Plagues: The Microscopic Battlefield by Falynn Christine Koch
Plagues: The Microscopic Battlefield (2017) by Falynn Christine Koch is part of the SCIENCE COMICS series, a graphic series of books each of which explores a single scientific topic. In this case, as the title might indicate, it’s plague, but more broadly it’s an examination of how pathogens (bacteria, viruses, fungi, protozoa, parasites) infect and damage the human body, how the body (sometimes with medical help) tries to fight them off, and, to a lesser degree, how such illnesses have affected human history.
Plagues begins a bit roughly. The frame story is an unnecessarily confusing bit involving conversations inside a virtual body (that somehow still gets sick from virtual germs?) between the scientist whose virtual body it is, a T-cell, and two plagues — yellow fever and bubonic plague. The plagues are just as confused as most readers probably will be, but while the frame story still is an obstacle to clarity and fluidity now and then, once it’s mostly left behind the text becomes more expository and straightforward, and thus more clear, with the scientist explaining how medicine has progressed with regard to germs, the T-cell explaining the immune system responses, and the germ explaining how they attack the body and their various types and shapes. The language might at times be a bit much for the very young, but YA will be fine and MG will get either all or the vast majority of what is being said. There’s also a helpful glossary toward the end.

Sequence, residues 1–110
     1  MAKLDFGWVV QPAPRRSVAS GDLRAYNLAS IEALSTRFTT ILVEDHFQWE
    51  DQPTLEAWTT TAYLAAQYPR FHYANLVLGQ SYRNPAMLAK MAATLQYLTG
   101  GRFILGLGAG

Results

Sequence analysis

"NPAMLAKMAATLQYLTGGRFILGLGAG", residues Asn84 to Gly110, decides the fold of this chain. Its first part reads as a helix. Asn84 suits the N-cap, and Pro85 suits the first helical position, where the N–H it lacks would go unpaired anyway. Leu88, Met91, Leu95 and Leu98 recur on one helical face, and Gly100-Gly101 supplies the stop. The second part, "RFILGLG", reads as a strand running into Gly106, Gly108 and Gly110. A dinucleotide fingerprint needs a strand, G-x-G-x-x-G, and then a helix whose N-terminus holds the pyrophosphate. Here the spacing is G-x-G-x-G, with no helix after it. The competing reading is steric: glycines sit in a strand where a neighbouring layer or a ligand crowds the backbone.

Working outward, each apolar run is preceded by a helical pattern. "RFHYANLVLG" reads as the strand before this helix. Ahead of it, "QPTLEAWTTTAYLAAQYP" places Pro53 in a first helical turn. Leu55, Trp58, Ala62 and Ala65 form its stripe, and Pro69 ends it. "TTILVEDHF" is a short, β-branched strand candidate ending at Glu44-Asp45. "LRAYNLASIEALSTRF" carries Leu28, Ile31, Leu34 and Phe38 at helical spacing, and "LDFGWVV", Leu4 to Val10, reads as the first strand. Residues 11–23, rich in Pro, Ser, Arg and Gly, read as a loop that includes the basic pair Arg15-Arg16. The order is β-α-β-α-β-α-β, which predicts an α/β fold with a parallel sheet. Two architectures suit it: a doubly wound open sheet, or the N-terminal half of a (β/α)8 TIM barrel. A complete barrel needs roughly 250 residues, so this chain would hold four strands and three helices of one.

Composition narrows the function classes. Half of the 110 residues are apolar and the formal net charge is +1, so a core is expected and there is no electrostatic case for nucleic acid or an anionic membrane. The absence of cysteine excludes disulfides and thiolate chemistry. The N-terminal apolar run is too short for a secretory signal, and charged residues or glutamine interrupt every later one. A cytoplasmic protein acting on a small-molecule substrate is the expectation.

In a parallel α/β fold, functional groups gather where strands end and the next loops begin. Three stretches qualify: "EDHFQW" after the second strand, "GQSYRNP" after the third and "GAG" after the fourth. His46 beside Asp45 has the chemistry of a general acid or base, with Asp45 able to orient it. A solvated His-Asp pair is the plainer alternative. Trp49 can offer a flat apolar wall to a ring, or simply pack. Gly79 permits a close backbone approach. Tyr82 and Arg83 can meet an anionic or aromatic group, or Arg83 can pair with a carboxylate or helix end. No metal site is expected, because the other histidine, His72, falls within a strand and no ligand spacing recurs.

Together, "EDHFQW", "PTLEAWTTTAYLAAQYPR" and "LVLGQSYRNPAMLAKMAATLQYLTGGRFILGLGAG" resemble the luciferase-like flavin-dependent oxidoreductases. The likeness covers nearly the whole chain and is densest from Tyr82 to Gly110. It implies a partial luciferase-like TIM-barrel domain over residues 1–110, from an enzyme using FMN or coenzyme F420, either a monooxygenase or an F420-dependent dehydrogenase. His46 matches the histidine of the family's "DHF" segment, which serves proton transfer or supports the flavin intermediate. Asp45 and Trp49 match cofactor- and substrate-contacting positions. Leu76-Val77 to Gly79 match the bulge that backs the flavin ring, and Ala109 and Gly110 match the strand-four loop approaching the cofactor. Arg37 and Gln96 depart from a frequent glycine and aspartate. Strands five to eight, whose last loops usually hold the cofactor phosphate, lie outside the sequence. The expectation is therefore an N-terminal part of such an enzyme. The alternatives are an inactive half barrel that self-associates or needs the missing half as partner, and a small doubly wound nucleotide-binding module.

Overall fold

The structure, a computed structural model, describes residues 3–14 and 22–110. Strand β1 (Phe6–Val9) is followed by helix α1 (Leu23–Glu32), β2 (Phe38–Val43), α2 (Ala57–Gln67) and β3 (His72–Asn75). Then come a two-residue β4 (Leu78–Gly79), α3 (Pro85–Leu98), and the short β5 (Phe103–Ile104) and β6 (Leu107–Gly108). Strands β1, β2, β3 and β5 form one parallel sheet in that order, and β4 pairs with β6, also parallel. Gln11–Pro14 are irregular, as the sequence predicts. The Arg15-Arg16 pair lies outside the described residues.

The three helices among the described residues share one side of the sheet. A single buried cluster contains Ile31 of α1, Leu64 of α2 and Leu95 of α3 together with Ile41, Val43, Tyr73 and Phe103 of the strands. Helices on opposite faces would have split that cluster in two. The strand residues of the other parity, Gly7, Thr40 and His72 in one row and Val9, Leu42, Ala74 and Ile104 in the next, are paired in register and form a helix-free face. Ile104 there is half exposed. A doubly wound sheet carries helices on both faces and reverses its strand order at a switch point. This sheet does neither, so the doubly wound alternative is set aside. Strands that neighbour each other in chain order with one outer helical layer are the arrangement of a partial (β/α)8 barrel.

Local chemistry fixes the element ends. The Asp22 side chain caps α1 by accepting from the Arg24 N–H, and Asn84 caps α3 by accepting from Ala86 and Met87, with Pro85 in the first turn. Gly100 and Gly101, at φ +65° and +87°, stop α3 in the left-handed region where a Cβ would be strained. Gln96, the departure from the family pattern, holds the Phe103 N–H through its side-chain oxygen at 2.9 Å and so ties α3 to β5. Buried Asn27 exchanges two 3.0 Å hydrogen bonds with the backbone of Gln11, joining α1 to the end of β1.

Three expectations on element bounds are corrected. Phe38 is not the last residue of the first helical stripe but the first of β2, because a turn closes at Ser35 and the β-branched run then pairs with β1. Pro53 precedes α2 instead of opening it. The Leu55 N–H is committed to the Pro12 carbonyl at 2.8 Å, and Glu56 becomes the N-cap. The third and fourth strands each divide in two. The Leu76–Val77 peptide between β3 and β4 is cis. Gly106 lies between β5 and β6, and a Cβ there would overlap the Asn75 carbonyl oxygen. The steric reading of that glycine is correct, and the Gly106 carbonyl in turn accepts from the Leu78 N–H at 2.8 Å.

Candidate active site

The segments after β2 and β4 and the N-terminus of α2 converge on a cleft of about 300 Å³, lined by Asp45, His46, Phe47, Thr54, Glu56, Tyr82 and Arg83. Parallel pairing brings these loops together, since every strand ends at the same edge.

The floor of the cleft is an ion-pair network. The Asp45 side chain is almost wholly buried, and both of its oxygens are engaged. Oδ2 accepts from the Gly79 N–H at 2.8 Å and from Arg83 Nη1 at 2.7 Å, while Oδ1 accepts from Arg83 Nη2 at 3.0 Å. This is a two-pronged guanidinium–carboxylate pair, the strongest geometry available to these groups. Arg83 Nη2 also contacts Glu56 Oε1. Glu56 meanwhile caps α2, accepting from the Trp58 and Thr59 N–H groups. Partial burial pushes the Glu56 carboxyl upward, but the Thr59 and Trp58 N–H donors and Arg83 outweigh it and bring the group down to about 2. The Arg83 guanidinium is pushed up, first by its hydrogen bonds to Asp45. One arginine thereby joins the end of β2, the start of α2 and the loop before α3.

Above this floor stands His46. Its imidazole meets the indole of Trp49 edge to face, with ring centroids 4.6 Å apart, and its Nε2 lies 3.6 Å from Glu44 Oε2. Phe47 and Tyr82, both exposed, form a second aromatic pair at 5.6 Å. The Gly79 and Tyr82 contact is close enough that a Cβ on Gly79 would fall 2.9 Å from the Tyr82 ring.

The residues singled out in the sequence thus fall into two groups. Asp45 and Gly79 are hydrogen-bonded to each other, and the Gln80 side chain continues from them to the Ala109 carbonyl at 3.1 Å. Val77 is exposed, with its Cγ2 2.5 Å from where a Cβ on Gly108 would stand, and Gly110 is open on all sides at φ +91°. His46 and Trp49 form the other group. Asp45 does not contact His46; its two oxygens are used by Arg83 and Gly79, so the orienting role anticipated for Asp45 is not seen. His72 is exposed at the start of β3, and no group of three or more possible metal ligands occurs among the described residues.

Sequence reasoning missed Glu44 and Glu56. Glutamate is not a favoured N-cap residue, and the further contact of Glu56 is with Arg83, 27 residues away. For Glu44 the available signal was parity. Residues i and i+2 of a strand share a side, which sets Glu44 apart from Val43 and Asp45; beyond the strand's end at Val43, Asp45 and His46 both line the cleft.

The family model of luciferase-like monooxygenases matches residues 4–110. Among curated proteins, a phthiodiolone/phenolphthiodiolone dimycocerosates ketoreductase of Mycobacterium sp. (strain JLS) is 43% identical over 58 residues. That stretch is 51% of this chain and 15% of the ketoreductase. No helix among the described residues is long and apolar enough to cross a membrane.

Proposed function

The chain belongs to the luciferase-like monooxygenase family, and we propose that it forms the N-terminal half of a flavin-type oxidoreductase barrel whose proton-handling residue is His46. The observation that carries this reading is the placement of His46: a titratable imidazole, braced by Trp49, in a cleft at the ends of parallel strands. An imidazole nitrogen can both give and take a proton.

Stylistically, it’s pretty text heavy and, as noted, straightforward. The attempts at conversational tone or humor I didn’t find all that successful (at times I might even call it detrimental), and I wouldn’t call it the most engaging text, but it is certainly informative and, for the most part, clear and logical. In particular I liked the historical bits, as when the virtual simulation becomes a medieval street, for instance, to show how the lack of sanitation aided the pathogens.
The art in Plagues is not particularly aesthetic (of course, these are germs), and in the muddled frame story not very helpful, but similar to the narrative, once the frame is somewhat dropped and the artist is able to broaden the palette so to speak, the artwork becomes more clear and does a nice job of conveying meaning or supplementing the text. The medieval street is one such example. An even better one is the drawing of a medieval plague doctor in a large panel as it’s being explained how their “uniform” actually protected them from the plague, though the doctors themselves thought that to be the case for all the wrong reasons.
I would have preferred a smoother, more clear entry into the exploration of the topic, and it’s too bad that the book somewhat fights against itself in terms of clarity and engagement early on, but if one can get a reader past that point, then Plagues is a nice detailed and informative text to introduce young readers to the topic.